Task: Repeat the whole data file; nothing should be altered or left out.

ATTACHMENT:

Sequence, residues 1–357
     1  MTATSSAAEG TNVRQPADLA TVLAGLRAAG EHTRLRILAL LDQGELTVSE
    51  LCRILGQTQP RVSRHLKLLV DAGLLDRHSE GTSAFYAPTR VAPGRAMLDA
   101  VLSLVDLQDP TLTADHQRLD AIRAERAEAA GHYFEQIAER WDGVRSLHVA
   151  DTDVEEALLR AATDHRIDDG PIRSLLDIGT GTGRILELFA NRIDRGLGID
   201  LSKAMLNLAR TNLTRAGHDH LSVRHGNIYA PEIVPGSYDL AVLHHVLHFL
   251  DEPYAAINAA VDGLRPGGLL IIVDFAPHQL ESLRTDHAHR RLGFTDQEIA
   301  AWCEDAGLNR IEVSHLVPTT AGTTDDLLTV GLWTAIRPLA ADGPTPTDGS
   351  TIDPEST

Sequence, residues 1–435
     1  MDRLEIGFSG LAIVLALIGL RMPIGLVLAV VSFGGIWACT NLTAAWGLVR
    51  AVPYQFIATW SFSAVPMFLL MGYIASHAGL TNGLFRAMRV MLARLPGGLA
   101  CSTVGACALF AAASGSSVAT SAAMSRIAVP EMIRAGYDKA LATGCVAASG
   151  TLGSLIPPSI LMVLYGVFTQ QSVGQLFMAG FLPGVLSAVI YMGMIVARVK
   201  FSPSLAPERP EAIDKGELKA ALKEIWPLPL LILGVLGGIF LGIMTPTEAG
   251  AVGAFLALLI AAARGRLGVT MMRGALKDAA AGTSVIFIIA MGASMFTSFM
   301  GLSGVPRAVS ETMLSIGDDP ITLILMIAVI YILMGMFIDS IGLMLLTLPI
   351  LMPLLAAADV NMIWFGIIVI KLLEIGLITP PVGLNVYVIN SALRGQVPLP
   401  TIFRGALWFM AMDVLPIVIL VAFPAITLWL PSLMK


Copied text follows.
Sequence, residues 1–357
     1  MTATSSAAEG TNVRQPADLA TVLAGLRAAG EHTRLRILAL LDQGELTVSE
    51  LCRILGQTQP RVSRHLKLLV DAGLLDRHSE GTSAFYAPTR VAPGRAMLDA
   101  VLSLVDLQDP TLTADHQRLD AIRAERAEAA GHYFEQIAER WDGVRSLHVA
   151  DTDVEEALLR AATDHRIDDG PIRSLLDIGT GTGRILELFA NRIDRGLGID
   201  LSKAMLNLAR TNLTRAGHDH LSVRHGNIYA PEIVPGSYDL AVLHHVLHFL
   251  DEPYAAINAA VDGLRPGGLL IIVDFAPHQL ESLRTDHAHR RLGFTDQEIA
   301  AWCEDAGLNR IEVSHLVPTT AGTTDDLLTV GLWTAIRPLA ADGPTPTDGS
   351  TIDPEST

Sequence, residues 1–435
     1  MDRLEIGFSG LAIVLALIGL RMPIGLVLAV VSFGGIWACT NLTAAWGLVR
    51  AVPYQFIATW SFSAVPMFLL MGYIASHAGL TNGLFRAMRV MLARLPGGLA
   101  CSTVGACALF AAASGSSVAT SAAMSRIAVP EMIRAGYDKA LATGCVAASG
   151  TLGSLIPPSI LMVLYGVFTQ QSVGQLFMAG FLPGVLSAVI YMGMIVARVK
   201  FSPSLAPERP EAIDKGELKA ALKEIWPLPL LILGVLGGIF LGIMTPTEAG
   251  AVGAFLALLI AAARGRLGVT MMRGALKDAA AGTSVIFIIA MGASMFTSFM
   301  GLSGVPRAVS ETMLSIGDDP ITLILMIAVI YILMGMFIDS IGLMLLTLPI
   351  LMPLLAAADV NMIWFGIIVI KLLEIGLITP PVGLNVYVIN SALRGQVPLP
   401  TIFRGALWFM AMDVLPIVIL VAFPAITLWL PSLMK